You can see this effect on the photo taken with deliberate movement.

Another thing about LEDs is they are sort of "capacitive" when driven and tend to average out the illumination effect that the eye is going to see anyway.
No they don't. The light from an LED is approximately proportional to the current through it, and the response time is in the nanosecond range.
 

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Diver300

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Car lights do indeed show visible flicker at some RPM ranges as the engine is speeding up because of the ripple from the alternator. You can easily see it if you let it drop to idle at night then slowly raise the RPMs.
I think that is just the dimming as the voltage drops at idle.

Alternator ripple is tiny, only a few mV at most, unless the battery is missing or really in a bad way.

Also flicker is very difficult to see if the light just dims a bit. It is obvious on PWM LED lights because they turn off for 9 ms at a time.
 

Ghosty_Ghoul

New Member
The physical vibration of the car probably has a lot to do with the apparent flicker.

The LED flicker looks like the red lights in your picture.

Some people are more sensitive to flicker than others. I'm just one of those people who is really sensitive to it.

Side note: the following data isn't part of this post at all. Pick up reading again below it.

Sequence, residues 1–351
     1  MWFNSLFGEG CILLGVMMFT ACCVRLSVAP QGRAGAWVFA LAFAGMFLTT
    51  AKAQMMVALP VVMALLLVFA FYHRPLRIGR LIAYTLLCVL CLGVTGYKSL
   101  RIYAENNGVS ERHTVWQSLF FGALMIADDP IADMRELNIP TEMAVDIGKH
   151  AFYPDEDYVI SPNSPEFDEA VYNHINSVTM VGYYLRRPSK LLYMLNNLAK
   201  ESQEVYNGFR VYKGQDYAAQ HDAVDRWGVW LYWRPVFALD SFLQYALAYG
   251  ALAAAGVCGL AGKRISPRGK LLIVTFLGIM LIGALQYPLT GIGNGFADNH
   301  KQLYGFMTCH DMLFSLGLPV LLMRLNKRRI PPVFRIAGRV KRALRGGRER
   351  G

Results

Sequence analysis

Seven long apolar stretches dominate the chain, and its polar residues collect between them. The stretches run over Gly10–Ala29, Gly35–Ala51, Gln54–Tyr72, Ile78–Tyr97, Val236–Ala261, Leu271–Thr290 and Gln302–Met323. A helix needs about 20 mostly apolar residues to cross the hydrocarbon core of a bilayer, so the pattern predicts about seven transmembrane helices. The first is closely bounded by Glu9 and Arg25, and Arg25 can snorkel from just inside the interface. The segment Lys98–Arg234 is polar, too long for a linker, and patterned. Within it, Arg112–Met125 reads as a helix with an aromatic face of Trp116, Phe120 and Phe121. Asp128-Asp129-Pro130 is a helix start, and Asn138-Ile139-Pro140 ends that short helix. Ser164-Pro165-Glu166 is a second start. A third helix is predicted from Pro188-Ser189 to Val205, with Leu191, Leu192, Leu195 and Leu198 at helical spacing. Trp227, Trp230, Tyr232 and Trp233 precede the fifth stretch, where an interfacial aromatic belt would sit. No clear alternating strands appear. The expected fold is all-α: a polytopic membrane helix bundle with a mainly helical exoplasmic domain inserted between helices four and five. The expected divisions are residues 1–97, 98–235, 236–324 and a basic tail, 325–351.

Diver300

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I can't use a CRT screen set at 60Hz because of the flicker.

I need it set to at least 85Hz not to see any flicker but 75Hz is bearable.
When I had a CRT, I set it to 100 Hz and reduced the number of dots if needed to get 100 Hz. I could live with 85 Hz.

The problem isn't when looking at one point. It is when you move your eyes to look at something else.

It's not so bad with TVs as you are further away, and you tend to look at the whole thing not one point. Also, there is movement on a TV picture most of the time, so when there is some apparent movement it is less troublesome. Monitors have fixed pictures a lot of the time and apparent movement is distracting, like noise in a library.

I agree with Driver it needs to be a few KHz at least to avoid flicker under most circumstances.
Some cars seem to have faster PWM on the LED lights. I guess it is about 400 - 1000 Hz. I can tell that they are flickering, but I have to try. They are far less distracting than the 100 Hz ones. I think that a few kHz would be undetectable, but I would be quite happy if they were simply not distracting.
 
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Ghosty_Ghoul

New Member
The UK already has laws on vehicle lights, I think they need updating to ban low frequency flickering LEDS.:mad:
 

Diver300

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The UK already has laws on vehicle lights, I think they need updating to ban low frequency flickering LEDS.:mad:
The Road Vehicles Lighting Regulations 1989

There is no political will to enforce the existing laws. Now if those of us who can see the flicker could be classed as disabled, or an ethnic minority.........

Then again, about 10% of cars round here have a blown bulb somewhere, and there's no money in enforcing that.